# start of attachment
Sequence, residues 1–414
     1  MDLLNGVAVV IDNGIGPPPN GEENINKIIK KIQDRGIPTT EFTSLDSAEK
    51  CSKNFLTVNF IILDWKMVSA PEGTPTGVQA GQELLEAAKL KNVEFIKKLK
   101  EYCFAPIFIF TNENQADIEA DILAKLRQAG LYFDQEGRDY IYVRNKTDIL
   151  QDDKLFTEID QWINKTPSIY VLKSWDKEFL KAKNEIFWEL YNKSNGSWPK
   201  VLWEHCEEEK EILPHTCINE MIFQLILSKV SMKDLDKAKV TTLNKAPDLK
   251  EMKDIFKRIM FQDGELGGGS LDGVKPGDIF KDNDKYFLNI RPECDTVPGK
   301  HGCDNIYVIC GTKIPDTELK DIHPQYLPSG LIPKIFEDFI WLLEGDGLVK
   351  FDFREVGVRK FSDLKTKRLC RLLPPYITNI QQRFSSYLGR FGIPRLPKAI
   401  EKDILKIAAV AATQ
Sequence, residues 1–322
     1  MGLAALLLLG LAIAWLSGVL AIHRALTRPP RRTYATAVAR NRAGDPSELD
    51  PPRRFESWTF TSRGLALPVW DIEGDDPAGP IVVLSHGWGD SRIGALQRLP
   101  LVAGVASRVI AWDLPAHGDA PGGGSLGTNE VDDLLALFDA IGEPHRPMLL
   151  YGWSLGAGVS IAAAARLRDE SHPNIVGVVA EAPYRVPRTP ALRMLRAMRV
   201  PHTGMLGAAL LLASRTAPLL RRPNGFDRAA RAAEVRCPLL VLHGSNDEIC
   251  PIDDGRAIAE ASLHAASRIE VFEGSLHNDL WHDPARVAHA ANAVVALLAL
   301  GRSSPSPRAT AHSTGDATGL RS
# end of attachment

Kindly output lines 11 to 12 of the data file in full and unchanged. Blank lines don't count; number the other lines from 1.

Sequence, residues 1–322
     1  MGLAALLLLG LAIAWLSGVL AIHRALTRPP RRTYATAVAR NRAGDPSELD